The next day, Defendant Lacey entered Plaintiff's cell and followed through with his threat to confiscate Plaintiff's property. Plaintiff's cellmate's property was not touched and Plaintiff alleges that the search was conducted in retaliation for an appeal Plaintiff filed against Defendant Lacey's partner, Officer Wattles.
On August 7, 2010, Defendant Lacey attempted to verbally incite Plaintiff to violence but Plaintiff walked away. Then, while Plaintiff was at the chow hall, Defendant Lacey left his observation station, entered Plaintiff's cell, and confiscated more of Plaintiff's property. Defendant Lacey did not touch Plaintiff's cell mate's property, and he stated to Plaintiff, "Fuck you and your write-ups. As long as I'm here, you'll suffer." (Amend. Comp., Doc. 10, ¶52.)
b. Mail Claim
Prisoners have "a First Amendment right to send and receive mail." Witherow v. Paff, 52 F.3d 264, 265 (9th Cir. 1995). However, an isolated incident of mail interference or tampering usually does not support a claim under section 1983 for the violation of a constitutional right. See Davis v. Goord, 320 F.3d 346, 351 (2d. Cir. 2003) (isolated incident of mail tampering usually insufficient to state claim); Gardner v. Howard, 109 F.3d 427, 431 (8th Cir. 1997) (isolated incident of opening legal mail without evidence of improper motive or resulting interference with access to courts or right to counsel does not support a claim); Smith v. Maschner, 899 F.2d 940, 944 (10th Cir. 1990) (isolated incident of opening one piece of legal mail in error does not rise to level of constitutional violation); Grant v. Warden, No. 1:11-cv-01608-LJO-SKO PC, 2011 WL 4048524, at *2 (E.D.Cal. Sept. 9, 2011); Hargrove v. Mitchell, No. 1:07CV360-01-MU, 2007 WL 4284903, at *1 (W.D.N.C. Dec. 4, 2007).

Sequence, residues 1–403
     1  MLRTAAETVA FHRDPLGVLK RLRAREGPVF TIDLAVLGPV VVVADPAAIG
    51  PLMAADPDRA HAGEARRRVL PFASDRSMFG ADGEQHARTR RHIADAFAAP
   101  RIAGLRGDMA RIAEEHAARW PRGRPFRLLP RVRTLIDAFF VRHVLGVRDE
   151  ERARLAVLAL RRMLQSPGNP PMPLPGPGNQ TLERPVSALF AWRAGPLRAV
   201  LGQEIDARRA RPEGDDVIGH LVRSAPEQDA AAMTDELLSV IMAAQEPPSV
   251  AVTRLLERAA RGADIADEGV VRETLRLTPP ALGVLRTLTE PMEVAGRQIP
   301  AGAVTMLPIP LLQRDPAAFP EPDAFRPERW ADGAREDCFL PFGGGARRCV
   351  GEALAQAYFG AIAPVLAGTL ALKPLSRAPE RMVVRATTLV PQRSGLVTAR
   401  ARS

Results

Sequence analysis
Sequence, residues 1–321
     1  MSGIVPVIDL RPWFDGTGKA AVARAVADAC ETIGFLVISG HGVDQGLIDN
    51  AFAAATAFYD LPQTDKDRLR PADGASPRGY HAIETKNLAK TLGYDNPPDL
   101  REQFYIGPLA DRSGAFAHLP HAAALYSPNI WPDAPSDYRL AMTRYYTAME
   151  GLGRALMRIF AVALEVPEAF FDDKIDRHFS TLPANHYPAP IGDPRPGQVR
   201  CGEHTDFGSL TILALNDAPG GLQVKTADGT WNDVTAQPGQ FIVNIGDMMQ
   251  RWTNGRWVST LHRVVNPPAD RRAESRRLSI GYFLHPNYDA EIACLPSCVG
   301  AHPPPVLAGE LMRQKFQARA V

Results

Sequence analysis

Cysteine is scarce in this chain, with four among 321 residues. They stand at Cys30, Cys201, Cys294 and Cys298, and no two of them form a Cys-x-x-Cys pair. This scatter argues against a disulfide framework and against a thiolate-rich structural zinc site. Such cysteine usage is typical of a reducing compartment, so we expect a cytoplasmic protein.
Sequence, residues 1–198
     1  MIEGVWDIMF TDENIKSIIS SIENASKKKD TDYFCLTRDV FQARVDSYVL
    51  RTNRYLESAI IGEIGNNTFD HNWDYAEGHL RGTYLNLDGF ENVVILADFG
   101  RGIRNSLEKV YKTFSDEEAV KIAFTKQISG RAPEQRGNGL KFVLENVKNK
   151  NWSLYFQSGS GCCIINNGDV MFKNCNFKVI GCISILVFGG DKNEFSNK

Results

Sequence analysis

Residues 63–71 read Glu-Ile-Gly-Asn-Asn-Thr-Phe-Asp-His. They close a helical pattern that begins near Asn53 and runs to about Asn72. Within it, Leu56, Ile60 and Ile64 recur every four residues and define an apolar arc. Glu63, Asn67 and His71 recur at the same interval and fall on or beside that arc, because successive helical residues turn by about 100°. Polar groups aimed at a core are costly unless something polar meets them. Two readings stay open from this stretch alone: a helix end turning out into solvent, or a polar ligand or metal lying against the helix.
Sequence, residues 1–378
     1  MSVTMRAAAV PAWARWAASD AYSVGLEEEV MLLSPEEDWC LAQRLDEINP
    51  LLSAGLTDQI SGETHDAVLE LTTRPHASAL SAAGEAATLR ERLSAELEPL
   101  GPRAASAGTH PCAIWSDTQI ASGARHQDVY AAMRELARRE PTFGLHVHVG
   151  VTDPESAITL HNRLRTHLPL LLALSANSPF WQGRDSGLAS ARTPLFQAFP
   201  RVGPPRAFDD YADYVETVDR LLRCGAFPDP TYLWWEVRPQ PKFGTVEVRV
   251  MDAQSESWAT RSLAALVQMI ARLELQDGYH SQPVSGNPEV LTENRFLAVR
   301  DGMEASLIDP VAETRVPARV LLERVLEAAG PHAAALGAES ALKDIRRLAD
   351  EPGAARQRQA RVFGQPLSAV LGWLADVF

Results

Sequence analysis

In this instance, Defendant Lacey allegedly refused to deliver Plaintiff's mail on two occasions and told Plaintiff that his mail was going to be sent to the mail room; and in his inmate appeal, Plaintiff sought to have his mail delivered without comment and harassment. (Amend. Comp., Doc. 11-2, court record p. 98.) These allegations simply do not support a claim for violation of Plaintiff's right to receive mail. There is no suggestion in the record that Plaintiff was actually deprived of any incoming mail and the incidents were isolated.
c. Excessive Force Claim
For claims arising out of the use of excessive physical force, the issue is "whether force was applied in a good-faith effort to maintain or restore discipline, or maliciously and sadistically to cause harm." Wilkins v. Gaddy, 559 U.S. 34, __, 130 S.Ct. 1175, 1178 (2010) (per curiam) (citing Hudson v. McMillian, 503 U.S. 1, 7, 112 S.Ct. 995 (1992)) (internal quotation marks omitted); Furnace v. Sullivan, 705 F.3d 1021, 1028 (9th Cir. 2013). The objective component of an Eighth Amendment claim is contextual and responsive to contemporary standards of decency, Hudson, 503 U.S. at 8 (quotation marks and citation omitted), and although de minimis uses of force do not violate the Constitution, the malicious and sadistic use of force to cause harm always violates contemporary standards of decency, regardless of whether or not significant injury is evident, Wilkins, 559 U.S. at __, 130 S.Ct. at 1178 (citing Hudson, 503 U.S. at 9-10) (quotation marks omitted); Oliver v. Keller, 289 F.3d 623, 628 (9th Cir. 2002).